To explore the science of cancer and ageing, scientists, artists and the public have been meeting virtually, in their kitchens, over the last 12 months. They have come together to discover and reflect on what happens to our DNA as we age, including scientific and personal perspectives. Their art, recipes and kitchen experiments will be open for viewing in a new online exhibition, called #flowcellular, launching on 26th April. As part of a wider public programme of events, this year’s Genome Lates talk season draws on the science at the heart of the #flowcellular project. The first event features discussions on the intersections of art and science and how lockdown shaped #flowcellular. The talks are free, online and suitable for all.
To find out more, or book your tickets, visit the Genome Gallery website. Here, Beth Elliott, one of the exhibition’s curators, reflects on the group’s creative, and tasty, journeys into science.
By Beth Elliott, Digital Programme Curator at the Wellcome Genome Campus.
In February 2020, scientists based at the Wellcome Genome Campus whose research examines the effects of DNA damage and its relationship to cancer and ageing, got together with artists from the Saturday Museum, and public participants, to begin planning an exciting new creative project destined for the Wellcome Genome Campus’ Genome Gallery later that year.
However, within a month the world had been turned upside down as a result of the global pandemic, forcing us to temporarily close our doors to the public and seek alternative virtual platforms for engagement. Unable to meet in person, or inhabit our labs or studios spaces, we met via zoom and decided to make the kitchen our shared space. Through playful experiments using food, we have been discovering how resilient and clever our bodies are at mending DNA damage every day, and why diseases like cancer happen when the damage to our cells becomes too much. Our approach was playful, tactile, creative, messy and empathic. We have chopped, sliced, mixed, iced, stirred, boiled and kneaded. We have made everything from multi-coloured flat bread to animals from fruit, been sharing family recipes and imagining the future of food.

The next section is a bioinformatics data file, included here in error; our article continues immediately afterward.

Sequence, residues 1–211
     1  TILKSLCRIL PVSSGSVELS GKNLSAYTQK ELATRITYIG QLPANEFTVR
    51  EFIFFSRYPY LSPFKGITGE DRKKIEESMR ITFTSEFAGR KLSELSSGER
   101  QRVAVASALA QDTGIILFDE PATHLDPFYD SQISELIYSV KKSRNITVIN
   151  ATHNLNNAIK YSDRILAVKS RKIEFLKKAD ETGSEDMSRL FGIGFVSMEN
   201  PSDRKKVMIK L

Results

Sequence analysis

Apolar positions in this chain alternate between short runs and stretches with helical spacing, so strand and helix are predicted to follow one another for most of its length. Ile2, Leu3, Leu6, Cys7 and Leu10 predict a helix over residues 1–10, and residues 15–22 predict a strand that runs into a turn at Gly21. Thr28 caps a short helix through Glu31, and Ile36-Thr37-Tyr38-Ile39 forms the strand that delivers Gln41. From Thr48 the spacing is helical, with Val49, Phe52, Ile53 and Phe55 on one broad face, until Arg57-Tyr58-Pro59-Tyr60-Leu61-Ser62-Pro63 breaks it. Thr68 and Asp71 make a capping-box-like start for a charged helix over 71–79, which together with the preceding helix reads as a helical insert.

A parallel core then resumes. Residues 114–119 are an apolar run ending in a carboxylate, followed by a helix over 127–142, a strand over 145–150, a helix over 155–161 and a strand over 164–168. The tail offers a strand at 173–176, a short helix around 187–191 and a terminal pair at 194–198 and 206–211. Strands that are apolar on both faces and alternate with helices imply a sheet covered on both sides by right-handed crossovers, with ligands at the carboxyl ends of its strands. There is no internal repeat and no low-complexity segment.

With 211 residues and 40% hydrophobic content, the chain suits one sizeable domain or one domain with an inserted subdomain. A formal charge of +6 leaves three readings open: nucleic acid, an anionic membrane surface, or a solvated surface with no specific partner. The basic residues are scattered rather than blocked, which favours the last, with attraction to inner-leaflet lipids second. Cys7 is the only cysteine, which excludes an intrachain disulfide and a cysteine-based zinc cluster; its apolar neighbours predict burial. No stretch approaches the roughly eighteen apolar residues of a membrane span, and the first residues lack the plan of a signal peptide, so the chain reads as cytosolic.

Melody Bottle, a project participant with lived experience of cancer recounts her experience of the project: “I’ve really enjoyed it. It’s been life changing for me, I didn’t expect it to be such an amazing project… I started to look at things in a completely different way. When I heard about the vaccines the first thing I wanted to know is how do they work?… [now] I want to know the science behind it, I wouldn’t have thought of that before, it would have just gone over my head.”
Everyone has generously shared their individual perspectives, knowledge, humour, and creative ideas. Together we have found a common language through food that has enabled us to connect with each other and find ways of understanding this often complex and emotive subject matter that affects us all. We have been able to share stories about our lives and loved ones and make a space for creative exploration in research in this time of social isolation. For some of us we are now viewing and contributing to science in ways we never thought possible. For others, we are now thinking differently about how we involve people more in our science, and have new questions we want to investigate as a result of these conversations.